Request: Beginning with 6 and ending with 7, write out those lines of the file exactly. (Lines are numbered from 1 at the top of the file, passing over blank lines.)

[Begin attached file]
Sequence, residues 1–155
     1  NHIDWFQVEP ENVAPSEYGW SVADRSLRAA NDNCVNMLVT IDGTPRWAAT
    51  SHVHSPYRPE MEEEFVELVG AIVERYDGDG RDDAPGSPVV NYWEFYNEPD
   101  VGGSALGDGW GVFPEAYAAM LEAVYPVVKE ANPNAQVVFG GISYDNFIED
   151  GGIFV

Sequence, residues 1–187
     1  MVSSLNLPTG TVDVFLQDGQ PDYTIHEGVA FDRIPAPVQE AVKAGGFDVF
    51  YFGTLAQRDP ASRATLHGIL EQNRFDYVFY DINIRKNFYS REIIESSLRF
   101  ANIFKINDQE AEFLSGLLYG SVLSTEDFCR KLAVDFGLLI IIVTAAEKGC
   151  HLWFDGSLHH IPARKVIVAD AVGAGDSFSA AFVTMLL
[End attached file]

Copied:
Sequence, residues 1–187
     1  MVSSLNLPTG TVDVFLQDGQ PDYTIHEGVA FDRIPAPVQE AVKAGGFDVF